Each year, thousands of parents living apart or divorcing look to the courts for resolution of their disputes. Sometimes they argue over money or property and sometimes they quarrel about their children. But fights over custody, access, parenting time and visitation have unintended victims, the children themselves whose emotional wellbeing can be harmed by their parents fight. In this tutorial, Elaine Gordon, a superior court judge who presides over custody trials talks to you over the reality of these custody disputes and their unfortunate consequences for children. Hello, my name is Elaine Gordon and I’m a judge who presides over custody disputes.
I’d like to talk to you a little bit today about divorce, custody fights, and what happens to the children whose parents have those fights. I do this in the hope that what I say will inform what you do and in terms of handling your case you’ll be able to do that in a way which does your children the least amount of harm. You know one of the problems that we have among couples who are getting divorced is they assume that everybody is fighting about everything and in fact if you come to court.
You will see the hallways filled with people, you believe that that is so. But in fact, that is not the case. Over 50 of the people who are getting divorced who have kids, resolve their disputes before they ever step foot in their lawyers’ offices. They recognize the custody dispute for what it really is, a personal family matter that parents need to resolve for themselves. Another 2030 of the people will, with a little bit of help from their lawyers or maybe the family relations office, will also be able to resolve their cases. Another 1020.
Putting Children First Minimizing Conflict in Custody Cases
Of people will go on to mediation either through our family relations office or through private mediators and they’ll be able to settle their cases. So who does that leave It leaves only about 10 of the couples who are separating or divorcing who have kids, who go on with the fight. The next step in a fight for those 10 of people, what they do that nobody else does, is that they enlist their children in their battle. How do they do this Well, they have a family relations evaluation, or a guardian ad litem is appointed, or an attorney for.
The minor children or a psychological evaluation. All of those things have the same result. The children are exposed to the fight, asked to participate in it, and in some ways become foot soldiers in their parents’ battle. That step involving strangers, third parties in the lives of your children does irrevocable damage to the kids and I’m going to tell you in a little bit later about what kind of damage that is. But first of all, you can see that asking a child, What do you think about your mom or What do you think about your dad.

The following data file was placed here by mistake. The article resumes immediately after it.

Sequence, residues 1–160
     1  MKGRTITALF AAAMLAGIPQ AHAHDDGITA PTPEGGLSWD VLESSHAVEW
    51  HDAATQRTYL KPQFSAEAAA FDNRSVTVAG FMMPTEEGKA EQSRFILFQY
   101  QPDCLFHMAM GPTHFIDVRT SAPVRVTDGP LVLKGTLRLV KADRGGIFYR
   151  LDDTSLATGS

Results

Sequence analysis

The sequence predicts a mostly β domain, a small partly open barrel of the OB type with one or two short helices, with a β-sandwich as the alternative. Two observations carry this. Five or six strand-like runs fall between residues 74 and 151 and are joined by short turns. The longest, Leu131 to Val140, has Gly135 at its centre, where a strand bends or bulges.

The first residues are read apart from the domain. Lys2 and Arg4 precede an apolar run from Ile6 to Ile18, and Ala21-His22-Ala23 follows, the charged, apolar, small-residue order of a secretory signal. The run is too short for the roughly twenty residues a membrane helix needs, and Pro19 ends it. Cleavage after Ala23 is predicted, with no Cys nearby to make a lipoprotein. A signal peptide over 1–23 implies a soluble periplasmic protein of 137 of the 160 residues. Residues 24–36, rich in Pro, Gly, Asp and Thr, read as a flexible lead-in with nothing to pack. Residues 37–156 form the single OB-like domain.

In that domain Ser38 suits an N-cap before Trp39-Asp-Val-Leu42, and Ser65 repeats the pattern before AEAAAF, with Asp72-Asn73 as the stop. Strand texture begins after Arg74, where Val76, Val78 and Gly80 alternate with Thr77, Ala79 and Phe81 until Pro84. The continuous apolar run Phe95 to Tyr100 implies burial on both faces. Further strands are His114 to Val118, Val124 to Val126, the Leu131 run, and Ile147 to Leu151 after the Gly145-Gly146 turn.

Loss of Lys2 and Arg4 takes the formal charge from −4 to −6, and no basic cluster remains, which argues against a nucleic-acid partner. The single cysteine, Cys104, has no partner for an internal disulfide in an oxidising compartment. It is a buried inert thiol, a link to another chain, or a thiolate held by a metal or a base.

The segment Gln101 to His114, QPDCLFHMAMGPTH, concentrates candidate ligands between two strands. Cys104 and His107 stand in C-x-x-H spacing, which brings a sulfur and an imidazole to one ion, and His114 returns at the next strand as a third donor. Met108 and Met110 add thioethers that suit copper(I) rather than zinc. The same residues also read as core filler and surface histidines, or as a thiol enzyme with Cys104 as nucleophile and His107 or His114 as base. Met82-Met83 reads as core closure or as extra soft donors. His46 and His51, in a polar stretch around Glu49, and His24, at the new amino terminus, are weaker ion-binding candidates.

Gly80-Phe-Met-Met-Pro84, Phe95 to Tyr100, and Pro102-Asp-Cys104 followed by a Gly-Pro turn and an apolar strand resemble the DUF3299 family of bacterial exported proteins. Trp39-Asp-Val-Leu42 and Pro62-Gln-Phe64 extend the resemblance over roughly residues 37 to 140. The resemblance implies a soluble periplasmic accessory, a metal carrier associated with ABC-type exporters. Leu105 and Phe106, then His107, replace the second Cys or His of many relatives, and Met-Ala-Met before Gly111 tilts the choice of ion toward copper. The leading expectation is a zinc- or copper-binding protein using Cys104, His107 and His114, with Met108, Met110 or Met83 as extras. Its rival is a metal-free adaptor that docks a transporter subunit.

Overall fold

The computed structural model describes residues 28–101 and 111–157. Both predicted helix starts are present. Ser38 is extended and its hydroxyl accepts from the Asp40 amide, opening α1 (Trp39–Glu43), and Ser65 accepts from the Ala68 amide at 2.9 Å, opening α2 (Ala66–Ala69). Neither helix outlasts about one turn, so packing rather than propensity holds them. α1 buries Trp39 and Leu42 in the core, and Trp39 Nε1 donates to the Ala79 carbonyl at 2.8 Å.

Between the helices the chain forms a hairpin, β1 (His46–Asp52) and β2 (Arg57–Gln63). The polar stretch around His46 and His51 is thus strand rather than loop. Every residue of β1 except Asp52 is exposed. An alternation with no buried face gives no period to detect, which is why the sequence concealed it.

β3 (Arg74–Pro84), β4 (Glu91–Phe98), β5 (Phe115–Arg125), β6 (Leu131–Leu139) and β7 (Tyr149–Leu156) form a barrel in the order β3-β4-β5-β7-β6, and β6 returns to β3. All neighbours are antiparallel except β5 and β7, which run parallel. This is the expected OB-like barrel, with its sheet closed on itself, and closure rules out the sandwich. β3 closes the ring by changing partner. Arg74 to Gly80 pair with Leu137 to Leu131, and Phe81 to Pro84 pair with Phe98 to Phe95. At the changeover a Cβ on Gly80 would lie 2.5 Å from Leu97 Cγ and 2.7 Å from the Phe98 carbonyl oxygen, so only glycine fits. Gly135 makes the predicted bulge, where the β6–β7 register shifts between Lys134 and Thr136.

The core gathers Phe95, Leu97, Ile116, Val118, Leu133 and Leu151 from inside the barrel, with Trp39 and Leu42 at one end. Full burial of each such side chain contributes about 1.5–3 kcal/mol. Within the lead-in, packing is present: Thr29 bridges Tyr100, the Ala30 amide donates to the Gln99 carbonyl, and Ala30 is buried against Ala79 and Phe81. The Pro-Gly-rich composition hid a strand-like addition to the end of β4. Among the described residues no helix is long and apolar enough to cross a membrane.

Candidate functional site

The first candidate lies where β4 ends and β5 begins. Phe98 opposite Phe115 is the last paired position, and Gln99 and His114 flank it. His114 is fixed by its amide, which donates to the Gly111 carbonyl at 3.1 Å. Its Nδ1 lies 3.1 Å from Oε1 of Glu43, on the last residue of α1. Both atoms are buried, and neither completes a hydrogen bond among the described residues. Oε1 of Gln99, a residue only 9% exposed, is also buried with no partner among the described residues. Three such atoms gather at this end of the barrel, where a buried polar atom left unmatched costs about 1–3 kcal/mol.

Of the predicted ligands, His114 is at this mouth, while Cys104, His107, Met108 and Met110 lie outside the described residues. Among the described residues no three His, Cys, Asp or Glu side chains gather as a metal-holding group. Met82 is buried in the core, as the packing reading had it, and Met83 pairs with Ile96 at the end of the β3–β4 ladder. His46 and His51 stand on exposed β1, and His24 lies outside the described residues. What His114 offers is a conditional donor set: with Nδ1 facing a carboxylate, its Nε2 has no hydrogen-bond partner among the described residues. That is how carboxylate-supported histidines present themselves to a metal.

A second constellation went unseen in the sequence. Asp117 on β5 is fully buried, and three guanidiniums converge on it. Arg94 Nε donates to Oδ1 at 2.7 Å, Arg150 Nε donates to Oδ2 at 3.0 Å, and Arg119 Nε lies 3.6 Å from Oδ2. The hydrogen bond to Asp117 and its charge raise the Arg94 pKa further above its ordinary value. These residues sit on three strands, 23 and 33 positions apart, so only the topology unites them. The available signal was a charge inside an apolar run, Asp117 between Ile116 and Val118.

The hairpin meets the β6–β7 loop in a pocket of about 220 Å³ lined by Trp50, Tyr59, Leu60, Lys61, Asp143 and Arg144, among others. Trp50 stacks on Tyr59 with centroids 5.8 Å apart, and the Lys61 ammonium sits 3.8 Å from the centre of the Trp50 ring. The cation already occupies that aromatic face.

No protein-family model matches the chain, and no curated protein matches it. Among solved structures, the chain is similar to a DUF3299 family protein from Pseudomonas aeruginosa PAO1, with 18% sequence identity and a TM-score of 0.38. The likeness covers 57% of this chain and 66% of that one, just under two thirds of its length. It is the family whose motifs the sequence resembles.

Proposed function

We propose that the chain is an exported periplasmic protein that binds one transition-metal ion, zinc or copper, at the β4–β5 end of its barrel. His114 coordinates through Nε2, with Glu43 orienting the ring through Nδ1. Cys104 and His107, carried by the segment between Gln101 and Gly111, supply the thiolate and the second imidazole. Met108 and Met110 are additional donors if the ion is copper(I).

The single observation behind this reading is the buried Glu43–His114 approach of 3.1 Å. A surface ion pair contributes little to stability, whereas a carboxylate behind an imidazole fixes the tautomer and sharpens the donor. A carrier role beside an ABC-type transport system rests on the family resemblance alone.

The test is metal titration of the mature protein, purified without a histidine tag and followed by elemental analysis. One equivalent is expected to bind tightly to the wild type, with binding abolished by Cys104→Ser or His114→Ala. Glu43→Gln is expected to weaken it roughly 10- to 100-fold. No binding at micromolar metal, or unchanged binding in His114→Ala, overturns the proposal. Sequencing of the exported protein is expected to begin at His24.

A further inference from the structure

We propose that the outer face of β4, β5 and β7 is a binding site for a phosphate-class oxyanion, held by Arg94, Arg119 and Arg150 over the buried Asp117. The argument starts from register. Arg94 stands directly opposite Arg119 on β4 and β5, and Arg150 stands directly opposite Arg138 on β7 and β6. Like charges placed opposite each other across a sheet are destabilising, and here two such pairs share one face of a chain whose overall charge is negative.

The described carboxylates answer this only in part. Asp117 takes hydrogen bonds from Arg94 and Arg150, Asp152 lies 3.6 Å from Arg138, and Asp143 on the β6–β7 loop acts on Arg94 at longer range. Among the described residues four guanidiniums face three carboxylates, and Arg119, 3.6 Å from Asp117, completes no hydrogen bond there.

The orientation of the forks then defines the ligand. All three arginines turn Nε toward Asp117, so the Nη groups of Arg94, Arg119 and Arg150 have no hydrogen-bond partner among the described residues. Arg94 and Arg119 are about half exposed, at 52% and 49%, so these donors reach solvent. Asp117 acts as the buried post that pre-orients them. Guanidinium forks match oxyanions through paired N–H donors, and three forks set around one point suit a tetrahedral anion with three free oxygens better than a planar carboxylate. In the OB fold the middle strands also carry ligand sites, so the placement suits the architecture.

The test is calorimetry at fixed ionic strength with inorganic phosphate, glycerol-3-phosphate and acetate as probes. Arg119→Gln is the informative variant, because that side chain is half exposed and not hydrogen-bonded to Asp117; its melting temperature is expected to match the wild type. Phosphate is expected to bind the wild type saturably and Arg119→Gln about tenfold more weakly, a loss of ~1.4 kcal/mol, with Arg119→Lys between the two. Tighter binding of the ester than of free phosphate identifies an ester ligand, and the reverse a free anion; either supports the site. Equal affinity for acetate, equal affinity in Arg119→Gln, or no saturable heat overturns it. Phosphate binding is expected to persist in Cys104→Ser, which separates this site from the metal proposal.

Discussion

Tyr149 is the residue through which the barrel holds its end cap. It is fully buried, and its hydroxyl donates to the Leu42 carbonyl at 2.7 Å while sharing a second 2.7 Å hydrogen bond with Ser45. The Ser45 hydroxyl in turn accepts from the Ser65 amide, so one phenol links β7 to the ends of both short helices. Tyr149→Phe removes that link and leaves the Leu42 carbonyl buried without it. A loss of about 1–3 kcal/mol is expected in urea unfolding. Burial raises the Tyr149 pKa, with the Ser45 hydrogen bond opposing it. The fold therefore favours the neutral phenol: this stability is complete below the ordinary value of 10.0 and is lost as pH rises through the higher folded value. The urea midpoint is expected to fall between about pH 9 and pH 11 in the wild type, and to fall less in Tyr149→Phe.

Could have some dire consequences in terms of the power inside of the family or putting an undue burden on the children themselves. That’s the first and most obvious consequence. The others are even more devastating. Let’s think about this divorce from the point of view of a child. I like to try to think of it, actually, as thinking about it from the height of perhaps a smaller child, not adult sized, but child sized, looking at the world from basically behind their parents, because that’s what kids do. They rely on their parents to be the wall between them.
And the outside world. It’s a protective wall for them. And what most kids think about when they think about their family at all is pretty basic. They think Mommy loves Daddy and Daddy loves Mommy and they love me. And then one day, parents who are separating or divorcing come to their kids and say well, Mommy and Daddy don’t love each other anymore, but don’t worry honey, we love you. That’s not what your kids hear. What your kids hear is Mommy and Daddy don’t love each other anymore. Uh oh. They can stop loving me as well. And.
So for every child in every family that is separating or divorcing, the overwhelming fear for those children becomes the fear of abandonment. The fear that somebody they love will leave them. And what we know is that in divorcing couples, if you recognize that this is the overwhelming theme of your child’s life and you take the steps to ameliorate this problem, your children will do better. What we’ve learned over the years is that it is not the divorce itself, which is the predictor of bad outcomes for kids, but how.
Big the dispute gets and even worse, whether the dispute becomes one that’s over them. The more you fight, the worse your children do. Children need something very basic in a divorce. They need to know that they can move freely back and forth between their parents’ homes, with love and affection from both, that there will be some consistency and that there will be some respect. You know, nobody’s asking that everybody continue to love each other. If you did that, you wouldn’t be getting a divorce in the first place. And we’re not even asking that maybe you even like each.